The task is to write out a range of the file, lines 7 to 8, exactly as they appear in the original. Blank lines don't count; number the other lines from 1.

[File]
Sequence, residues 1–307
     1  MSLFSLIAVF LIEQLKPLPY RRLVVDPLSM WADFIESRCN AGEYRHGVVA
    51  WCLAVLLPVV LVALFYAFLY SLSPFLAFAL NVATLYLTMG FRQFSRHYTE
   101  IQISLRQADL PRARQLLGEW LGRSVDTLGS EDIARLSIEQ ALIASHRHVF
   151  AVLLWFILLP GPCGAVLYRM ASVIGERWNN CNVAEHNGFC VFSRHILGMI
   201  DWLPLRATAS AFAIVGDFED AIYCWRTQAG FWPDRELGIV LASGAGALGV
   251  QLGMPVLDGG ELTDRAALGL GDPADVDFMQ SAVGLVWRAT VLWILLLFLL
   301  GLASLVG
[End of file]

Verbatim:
   251  QLGMPVLDGG ELTDRAALGL GDPADVDFMQ SAVGLVWRAT VLWILLLFLL
   301  GLASLVG